UK Conservative MPs at the 2017 party conference in Manchester last week reiterated their commitment to ensuring justice for the Tamils in Sri Lanka and recognition of the genocide Tamils faced.
Speaking at a side event organised by the British Tamil Conservatives (BTC), MPs called on the international community to do more to ensure the Sri Lankan government fulfilled the commitments made in UN resolution 30/1.
“We need to be very strong in making sure the Sri Lankan government meet their commitments,” Robert Halfon, the Chairperson of the Education Select Committee and MP for Harlow said.
“We need to be strong in supporting autonomy for the Tamil people. They have a right to self-determination, and most importantly we need to sure that we do everything we can to remind the world of what went on and recognise that the Tamil people faced a genocide.”
“I believe in reconciliation and justice, I believe in human rights, I believe in autonomy for the Tamils. Above all I believe in the recognition of the genocide that the Tamils face.”
“It is unacceptable what you had to go through, it is unacceptable that in February this year, the UN High Commissioner for Human Rights said Sri Lanka’s fulfilment of transitional justice mechanisms had been worryingly slow.”
“The structures set up and the measures taken during the period under review were inadequate to ensure real progress. This is not good enough. The Tamils have suffered enough.”
Echoing his call for recognition of the genocide faced, the Parliamentary Under Secretary of State for Health and MP for Thurrock, Jackie Doyle-Price said, “make no mistake we are determined to make sure that this issue does not die.”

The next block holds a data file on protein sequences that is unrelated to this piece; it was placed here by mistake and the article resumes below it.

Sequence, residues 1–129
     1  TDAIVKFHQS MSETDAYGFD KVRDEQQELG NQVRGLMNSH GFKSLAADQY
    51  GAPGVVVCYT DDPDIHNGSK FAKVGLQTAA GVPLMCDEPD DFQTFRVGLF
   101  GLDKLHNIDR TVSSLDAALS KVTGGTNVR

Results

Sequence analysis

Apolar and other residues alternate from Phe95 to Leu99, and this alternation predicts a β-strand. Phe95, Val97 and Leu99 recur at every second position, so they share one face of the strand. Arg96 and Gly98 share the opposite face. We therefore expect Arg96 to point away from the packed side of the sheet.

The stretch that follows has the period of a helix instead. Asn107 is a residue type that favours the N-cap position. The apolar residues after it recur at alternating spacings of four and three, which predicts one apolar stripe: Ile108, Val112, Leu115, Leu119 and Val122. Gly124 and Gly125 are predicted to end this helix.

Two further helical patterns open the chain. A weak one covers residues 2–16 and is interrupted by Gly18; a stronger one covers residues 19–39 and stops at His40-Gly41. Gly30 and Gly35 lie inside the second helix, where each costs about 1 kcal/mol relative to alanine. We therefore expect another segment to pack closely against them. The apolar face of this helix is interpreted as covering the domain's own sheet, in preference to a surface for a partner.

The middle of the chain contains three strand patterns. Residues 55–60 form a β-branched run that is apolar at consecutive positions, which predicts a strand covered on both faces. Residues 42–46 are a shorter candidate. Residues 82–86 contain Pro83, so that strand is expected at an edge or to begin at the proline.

“We must not forget that what happened in Sri Lanka was a genocide and we will continue to fight on your behalf.”
Paul Scully, the MP for Sutton and Cheam and the head of the All Party Parliamentary Group for Tamils (APPGT) highlighted the importance of addressing not just the past, but the ongoing issues the Tamils faced.
Describing the current situation as “dire” and “desperate”, Mr Scully stressed, “we can talk about the past, we can talk about 2009 and the genocide that happened there and the atrocities that happened there, and it is absolutely important that we do get reconciliation and justice for our Tamils both here and still living in Sri Lanka, but we also need to tackle the ongoing situation as well and make sure the Sri Lankan government fulfils resolution 30/1 which they cosponsored at the UN HRC.”